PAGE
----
• Specialty Brushes - find one with a semi-flexible shaft. These are great for cleaning the inside hoop of wheels as you can bend them to fit into small crevices, between spokes, behind calipers, between coils of springs, etc. Wheel Woolies come in a package that includes multiple sizes and gives you a variety of uses to clean all around your car.
WAFFLE WEAVE MF DRYING TOWELS - Preferably you want undyed white WWMF towels but if undyed ones are not available just sure that you select a WAFFLE WEAVE drying towel, regular MF polishing towels are not effective for drying a car... you can easily tell them apart by looking at the surface... the WW towel will have a waffle pattern to it, a polishing cloth will not. Need Drying Towels? Click Here

ADJUSTABLE NOZZLE - To do the job right being able to control the flow of water is important. Ideally you want a nozzle that will do a hard stream, a shower, a mist, and a soaker. There are tons of quality nozzles out there. I suggest a fire hose style nozzle as it will give you all those options with an easy twist on twist off design Need a Nozzle? Click Here

SPRAY BOTTLES - Some products you'll learn to use will require you to "cut them" or dilute their strength with water. Having a couple of generic all purpose bottles w/ sprayers is a good idea. Either buy new ones or use empty bottles from other products, but if you decide to use these at least run them thru the dishwasher prior to using for other products.


PRODUCTS:

CAR WASH SOAP - This is all about personal preference. You want a car wash specific soap, dish soap is not intended for cars!! It strips any protection you may have previously applied and it dries out the paint over time causing additional damage. There are many many MANY good car soaps on the market... choose one that offers a lot of sudsing/foaming, high lubricity, and is a neutral pH. Its also usually a good idea to use a concentrate as you can adjust the strength by using more or less. On occasions where your vehicle is REALLY dirty or you've gone a long time between washes you can use slightly more to get more cleaning power out of it. Concentrates also can stretch your dollar a bit farther getting you more washes out of a single bottle than non concentrated formulas.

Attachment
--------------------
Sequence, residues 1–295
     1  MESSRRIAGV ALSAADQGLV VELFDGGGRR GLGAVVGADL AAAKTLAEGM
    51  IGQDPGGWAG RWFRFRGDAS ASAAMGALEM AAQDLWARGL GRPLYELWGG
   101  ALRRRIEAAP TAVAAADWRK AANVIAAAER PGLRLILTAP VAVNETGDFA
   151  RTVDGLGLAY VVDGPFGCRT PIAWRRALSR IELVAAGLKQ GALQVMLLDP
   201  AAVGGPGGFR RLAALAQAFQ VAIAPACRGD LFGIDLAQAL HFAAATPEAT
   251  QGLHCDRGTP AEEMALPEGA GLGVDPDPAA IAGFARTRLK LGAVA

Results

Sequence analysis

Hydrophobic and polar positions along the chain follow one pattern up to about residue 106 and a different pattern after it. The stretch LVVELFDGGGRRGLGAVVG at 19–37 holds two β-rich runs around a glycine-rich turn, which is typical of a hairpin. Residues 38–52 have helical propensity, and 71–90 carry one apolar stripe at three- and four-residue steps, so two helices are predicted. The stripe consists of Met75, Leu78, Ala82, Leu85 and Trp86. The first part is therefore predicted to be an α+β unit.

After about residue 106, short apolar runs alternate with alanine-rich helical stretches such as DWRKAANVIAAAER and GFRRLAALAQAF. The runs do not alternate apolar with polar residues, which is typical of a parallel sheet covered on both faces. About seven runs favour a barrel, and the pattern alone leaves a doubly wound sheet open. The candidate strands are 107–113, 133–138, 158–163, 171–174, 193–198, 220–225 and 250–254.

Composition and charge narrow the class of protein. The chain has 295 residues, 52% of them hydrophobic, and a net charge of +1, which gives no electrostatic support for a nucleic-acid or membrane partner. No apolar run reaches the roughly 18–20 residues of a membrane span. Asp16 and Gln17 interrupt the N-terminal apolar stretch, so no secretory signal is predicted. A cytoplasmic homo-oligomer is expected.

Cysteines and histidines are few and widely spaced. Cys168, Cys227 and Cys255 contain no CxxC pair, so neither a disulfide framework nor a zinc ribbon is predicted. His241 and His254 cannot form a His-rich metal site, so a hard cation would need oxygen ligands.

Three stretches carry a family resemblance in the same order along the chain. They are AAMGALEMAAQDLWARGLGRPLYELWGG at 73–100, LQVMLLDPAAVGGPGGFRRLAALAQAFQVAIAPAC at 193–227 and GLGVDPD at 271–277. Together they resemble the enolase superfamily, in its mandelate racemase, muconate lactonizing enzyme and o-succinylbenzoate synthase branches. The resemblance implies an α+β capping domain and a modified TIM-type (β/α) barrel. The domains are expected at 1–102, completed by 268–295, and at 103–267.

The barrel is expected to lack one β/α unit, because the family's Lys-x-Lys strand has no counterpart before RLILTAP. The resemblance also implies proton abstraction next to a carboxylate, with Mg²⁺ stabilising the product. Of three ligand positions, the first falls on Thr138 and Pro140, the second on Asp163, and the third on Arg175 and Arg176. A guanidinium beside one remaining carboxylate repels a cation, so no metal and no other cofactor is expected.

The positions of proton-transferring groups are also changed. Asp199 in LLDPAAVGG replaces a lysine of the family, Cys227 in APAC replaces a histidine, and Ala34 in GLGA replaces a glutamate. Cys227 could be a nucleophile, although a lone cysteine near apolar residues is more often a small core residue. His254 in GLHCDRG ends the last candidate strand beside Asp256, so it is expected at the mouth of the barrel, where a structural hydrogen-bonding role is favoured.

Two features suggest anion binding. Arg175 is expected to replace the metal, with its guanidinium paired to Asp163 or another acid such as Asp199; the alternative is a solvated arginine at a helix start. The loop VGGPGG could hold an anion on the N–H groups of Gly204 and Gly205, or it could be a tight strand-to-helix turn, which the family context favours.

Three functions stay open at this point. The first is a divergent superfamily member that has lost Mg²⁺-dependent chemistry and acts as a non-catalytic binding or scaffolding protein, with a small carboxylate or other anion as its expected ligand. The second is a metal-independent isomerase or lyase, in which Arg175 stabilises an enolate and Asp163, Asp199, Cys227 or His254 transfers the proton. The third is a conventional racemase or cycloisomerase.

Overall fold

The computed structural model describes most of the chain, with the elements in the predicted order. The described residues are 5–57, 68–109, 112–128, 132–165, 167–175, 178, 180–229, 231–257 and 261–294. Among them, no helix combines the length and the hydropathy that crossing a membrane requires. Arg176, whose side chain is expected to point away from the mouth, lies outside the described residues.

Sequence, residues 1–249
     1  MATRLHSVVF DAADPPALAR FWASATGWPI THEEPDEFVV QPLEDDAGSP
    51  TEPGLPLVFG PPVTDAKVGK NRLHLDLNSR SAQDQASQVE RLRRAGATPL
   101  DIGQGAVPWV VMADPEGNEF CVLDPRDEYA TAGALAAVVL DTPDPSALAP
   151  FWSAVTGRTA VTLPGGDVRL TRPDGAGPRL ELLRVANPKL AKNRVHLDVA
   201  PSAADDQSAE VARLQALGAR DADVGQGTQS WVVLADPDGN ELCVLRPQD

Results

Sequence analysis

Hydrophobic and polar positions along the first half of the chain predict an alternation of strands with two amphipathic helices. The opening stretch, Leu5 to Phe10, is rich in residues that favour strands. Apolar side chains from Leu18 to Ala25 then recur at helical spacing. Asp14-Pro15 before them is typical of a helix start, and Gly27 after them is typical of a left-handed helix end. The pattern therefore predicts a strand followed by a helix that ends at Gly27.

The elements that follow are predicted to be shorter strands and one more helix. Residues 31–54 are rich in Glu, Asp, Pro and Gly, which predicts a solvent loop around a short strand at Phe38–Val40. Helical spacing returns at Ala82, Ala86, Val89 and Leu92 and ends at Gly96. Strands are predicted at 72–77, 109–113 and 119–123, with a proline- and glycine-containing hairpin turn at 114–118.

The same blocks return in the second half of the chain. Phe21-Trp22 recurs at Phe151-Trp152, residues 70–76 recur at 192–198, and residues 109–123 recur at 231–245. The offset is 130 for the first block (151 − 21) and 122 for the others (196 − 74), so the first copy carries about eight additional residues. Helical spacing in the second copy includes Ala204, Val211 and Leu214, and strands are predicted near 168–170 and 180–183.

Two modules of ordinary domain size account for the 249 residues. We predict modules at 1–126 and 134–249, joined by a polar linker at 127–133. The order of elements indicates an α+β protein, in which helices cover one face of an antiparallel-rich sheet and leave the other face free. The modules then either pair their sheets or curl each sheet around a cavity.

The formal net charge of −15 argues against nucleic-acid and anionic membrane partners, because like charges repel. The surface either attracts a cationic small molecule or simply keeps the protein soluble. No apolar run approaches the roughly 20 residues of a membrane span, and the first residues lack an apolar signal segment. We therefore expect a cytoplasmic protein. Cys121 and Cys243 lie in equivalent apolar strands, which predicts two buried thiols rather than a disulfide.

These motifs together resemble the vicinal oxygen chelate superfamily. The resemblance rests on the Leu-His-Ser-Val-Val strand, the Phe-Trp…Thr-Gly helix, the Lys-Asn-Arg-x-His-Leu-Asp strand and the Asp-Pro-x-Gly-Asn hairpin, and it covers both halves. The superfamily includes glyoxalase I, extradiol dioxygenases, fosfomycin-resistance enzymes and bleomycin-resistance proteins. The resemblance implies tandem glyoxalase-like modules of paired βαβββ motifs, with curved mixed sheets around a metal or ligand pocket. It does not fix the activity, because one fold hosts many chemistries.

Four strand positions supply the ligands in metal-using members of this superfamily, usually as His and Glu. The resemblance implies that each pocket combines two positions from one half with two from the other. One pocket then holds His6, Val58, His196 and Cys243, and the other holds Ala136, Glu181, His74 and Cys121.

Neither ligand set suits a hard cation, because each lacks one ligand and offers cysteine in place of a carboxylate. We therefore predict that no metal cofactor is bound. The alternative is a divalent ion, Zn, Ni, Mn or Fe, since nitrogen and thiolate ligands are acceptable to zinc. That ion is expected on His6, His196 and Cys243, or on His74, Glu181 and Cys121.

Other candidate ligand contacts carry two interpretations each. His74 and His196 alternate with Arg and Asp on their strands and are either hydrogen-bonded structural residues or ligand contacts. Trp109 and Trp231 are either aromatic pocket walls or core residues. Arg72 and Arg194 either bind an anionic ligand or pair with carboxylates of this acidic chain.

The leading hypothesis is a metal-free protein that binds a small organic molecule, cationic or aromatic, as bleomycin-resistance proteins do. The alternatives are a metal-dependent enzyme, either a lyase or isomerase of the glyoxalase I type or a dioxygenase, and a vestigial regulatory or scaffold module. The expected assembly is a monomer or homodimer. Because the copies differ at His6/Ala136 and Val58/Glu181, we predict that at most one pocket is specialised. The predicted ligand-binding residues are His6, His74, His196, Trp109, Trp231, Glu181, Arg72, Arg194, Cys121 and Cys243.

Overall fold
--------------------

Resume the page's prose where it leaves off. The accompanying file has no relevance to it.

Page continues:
Looking for the right soap? Click Here

ALL PURPOSE CLEANER - Again, personal preference, but keep in mind you will be going thru A LOT of your APC so ideally you want something you can get in bulk. Concentrated APC's also give you more for your money... you can dilute for mild cleaning or add more for heavier cleaning. A Cleaner for All Purposes?? Click Here

QUICK DETAIL SPRAY - QD sprays aren't just for between wash cleaning... they can help prevent water spots while drying, be used as a clay lube, be used to prime applicators and buffing pads, etc. Having a good QD spray is essential. Need a Detail Spray?? Click Here